An Outsiders View on Customer Loyalty In the Age of Groupon


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I love group buying sites. Whether it is Groupon, Living Social, or local fave Specialicious, it doesn’t matter. I love a good deal (and, according to my husband, I love buying crap I would never dream of spending money on were it sold at regular price). I have purchased haircuts, car detailing, carpet cleaning, mini golf, dry cleaning, tattoo removal, clothes, frozen yogurt, dinners out, house painting, yoga classes, garden supplies, a photo shoot and more.

And, as a marketer, when I get a chance to speak with the business owner who chose to market their business via a group buying site I often want to find out their impression of the process. Do they like working one group buying site over another? Do they get a lot of business? Is it too much business to handle? Do they make enough money overall to make it worth the initial hit from selling their product at almost always 50% off? And, the most important question, do they get repeat business?

As it has been a few years since I started pestering entrepreneurs about their experiences with group buying sites, I have heard many stories about the back-end side of the process. And to be honest, they are quite often the same and sometimes sound like a rendition of ones experience doing business with the mob (which site most often elicits that response will be kept to myself). However the one answer that varies almost every time I ask it is this: Do you get repeat business out of customers who find you via one of these sites?

The general consensus as to whether group buying sites promote customer loyalty seems to be that there is no general consensus. Some hair salons see a customer once and then never again. Some restaurants and boutiques end up with customers for life. However the most interesting antecdote that I have been privy to came from the owner of a local tattoo removal studio.

For background, I have a tattoo I have wanted to get removed since shortly after I got the tattoo, but was just too chicken to do anything about it. However a Groupon special for a local tattoo removal studio was just the impetus I needed to finally get something done about the poor choice I made many years ago involving a heart and my ankle.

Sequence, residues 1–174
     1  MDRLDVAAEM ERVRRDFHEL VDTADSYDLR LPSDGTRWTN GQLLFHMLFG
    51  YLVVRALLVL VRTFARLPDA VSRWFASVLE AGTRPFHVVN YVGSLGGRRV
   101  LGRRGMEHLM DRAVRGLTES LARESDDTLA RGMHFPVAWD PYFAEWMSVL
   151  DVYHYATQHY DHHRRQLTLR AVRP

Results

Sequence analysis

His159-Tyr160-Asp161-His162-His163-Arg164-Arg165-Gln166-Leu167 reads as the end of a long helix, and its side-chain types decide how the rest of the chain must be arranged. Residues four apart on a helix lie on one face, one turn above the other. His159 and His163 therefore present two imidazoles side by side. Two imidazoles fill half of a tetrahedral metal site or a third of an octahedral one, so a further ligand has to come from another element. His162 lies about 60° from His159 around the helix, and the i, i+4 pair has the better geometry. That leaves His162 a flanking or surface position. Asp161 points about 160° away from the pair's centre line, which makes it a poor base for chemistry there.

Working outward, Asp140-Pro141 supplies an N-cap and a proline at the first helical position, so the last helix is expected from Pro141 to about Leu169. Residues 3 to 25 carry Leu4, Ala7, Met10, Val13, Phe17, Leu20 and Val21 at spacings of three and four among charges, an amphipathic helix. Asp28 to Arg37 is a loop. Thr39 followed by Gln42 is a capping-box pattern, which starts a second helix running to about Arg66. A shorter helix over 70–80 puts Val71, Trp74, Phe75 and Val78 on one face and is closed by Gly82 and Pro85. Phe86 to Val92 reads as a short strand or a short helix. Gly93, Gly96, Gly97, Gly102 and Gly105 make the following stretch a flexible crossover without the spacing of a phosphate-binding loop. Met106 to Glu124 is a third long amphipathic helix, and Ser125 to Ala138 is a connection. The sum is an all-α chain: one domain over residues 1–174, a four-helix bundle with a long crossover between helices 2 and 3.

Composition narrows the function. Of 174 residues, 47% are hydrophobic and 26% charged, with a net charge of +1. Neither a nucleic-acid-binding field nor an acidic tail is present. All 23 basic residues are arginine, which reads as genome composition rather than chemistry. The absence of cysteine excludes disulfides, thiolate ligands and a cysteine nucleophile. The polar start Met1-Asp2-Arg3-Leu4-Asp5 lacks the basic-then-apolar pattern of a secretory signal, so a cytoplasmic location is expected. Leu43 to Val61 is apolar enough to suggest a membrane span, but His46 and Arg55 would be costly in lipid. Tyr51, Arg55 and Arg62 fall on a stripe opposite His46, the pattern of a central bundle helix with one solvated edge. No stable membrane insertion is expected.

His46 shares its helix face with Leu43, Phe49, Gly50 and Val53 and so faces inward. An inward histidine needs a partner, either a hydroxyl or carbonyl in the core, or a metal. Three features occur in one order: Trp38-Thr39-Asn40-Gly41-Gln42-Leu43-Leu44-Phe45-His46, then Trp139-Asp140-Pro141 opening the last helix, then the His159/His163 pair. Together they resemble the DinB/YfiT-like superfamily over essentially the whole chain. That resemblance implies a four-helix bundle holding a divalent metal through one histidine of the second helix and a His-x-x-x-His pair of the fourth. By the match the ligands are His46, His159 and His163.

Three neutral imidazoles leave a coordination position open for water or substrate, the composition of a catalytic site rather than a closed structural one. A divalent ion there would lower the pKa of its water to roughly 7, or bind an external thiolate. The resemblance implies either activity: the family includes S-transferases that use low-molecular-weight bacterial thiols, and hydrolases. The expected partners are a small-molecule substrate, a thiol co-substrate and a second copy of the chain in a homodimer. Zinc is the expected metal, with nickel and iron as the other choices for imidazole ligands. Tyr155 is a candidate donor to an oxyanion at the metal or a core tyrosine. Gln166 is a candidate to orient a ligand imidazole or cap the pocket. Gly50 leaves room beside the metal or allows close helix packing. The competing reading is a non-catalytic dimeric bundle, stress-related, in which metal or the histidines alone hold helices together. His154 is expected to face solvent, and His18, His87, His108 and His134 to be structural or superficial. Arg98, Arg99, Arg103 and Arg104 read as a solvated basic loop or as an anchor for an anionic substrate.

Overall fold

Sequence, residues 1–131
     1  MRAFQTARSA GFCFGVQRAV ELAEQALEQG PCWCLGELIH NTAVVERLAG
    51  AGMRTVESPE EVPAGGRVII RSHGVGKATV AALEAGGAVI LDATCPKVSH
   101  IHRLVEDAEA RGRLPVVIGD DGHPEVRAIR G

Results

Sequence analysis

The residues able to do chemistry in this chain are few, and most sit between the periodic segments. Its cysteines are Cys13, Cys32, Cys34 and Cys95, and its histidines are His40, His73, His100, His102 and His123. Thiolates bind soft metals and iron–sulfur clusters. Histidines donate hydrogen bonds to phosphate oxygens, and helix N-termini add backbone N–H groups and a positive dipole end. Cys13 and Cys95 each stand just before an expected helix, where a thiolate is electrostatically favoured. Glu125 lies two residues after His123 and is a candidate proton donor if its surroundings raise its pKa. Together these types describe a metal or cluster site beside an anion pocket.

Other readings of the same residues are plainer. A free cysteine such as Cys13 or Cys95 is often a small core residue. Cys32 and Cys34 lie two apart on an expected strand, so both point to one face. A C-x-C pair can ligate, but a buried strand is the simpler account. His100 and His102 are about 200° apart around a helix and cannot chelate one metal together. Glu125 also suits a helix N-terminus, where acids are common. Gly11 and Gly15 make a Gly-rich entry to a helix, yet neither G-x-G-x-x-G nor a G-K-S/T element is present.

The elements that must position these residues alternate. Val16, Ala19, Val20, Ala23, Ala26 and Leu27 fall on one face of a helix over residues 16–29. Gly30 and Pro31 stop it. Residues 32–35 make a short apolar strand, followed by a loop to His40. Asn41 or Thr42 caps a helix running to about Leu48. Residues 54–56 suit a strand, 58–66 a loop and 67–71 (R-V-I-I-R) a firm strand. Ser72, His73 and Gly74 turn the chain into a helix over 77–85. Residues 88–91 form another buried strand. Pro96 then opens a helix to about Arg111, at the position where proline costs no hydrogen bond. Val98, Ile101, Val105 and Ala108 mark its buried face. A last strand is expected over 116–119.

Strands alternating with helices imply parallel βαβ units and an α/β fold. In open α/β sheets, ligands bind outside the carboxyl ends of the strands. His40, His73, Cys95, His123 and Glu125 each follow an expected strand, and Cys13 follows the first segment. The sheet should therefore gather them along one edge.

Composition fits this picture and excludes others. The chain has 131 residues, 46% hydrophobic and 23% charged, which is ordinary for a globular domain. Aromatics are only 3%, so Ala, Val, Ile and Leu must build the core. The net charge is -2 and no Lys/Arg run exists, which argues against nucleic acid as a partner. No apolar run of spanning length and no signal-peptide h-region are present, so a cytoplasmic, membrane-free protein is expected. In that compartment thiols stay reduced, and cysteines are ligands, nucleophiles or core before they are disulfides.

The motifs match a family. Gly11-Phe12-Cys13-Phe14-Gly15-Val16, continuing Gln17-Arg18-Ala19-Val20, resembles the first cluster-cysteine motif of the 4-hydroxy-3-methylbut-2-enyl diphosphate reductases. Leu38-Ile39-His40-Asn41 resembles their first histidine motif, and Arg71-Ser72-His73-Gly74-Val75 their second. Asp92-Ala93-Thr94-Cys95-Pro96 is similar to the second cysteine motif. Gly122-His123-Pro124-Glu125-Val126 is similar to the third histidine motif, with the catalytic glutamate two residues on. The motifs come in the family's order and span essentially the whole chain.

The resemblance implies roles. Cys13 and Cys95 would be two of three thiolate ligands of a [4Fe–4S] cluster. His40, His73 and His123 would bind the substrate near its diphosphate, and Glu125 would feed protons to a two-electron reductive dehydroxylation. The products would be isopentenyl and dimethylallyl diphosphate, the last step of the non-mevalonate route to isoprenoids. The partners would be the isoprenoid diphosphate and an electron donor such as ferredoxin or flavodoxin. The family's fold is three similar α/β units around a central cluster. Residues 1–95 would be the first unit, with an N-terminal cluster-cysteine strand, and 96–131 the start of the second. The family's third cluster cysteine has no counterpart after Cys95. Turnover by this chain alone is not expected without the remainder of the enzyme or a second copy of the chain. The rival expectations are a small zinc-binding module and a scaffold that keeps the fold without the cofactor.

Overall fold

The owner of the studio, Ken, was great. He realized that I was super duper nervous (or maybe he is just used to his first-time clients being extremely on edge) and engaged me in conversation to put me at ease. I asked him my usual questions about this experience with the group buying process, and he told me that he has seen many customers who are “chasing the deal”. Tattoo removal takes more than one session—usually at least 4 sessions. And apparently there are customers who find a coupon, get one session with the issuer of said coupon, then wait for another coupon from another studio, and repeat.

I am assuming that this isn’t a trend limited just to this niche market—is “chasing the deal” really becoming that popular? Is there really such a large subset of customers who care only about a really good deal that they overlook all other aspects of a buying experience that promote customer loyalty? What do you think?

Republished with author's permission from original post.

Linda Dickerhoof
I am very happy to be working for VIPdesk as the company's Director of Marketing and Public Relations. I live in Arlington, VA and am one of a small few who can claim to be an almost-native of the Washington D.C. metro area–my family moved to the area when I was 5 years old, and I never left. I love living in the Nation's Capital and taking advantage of everything that the city has to offer.


  1. It is so common now, these deal sites. From what one business told me they stopped doing Groupons and the like because they only attract, “bottom feeders”.

    Any business that caters to these type of people will be out of business real soon.


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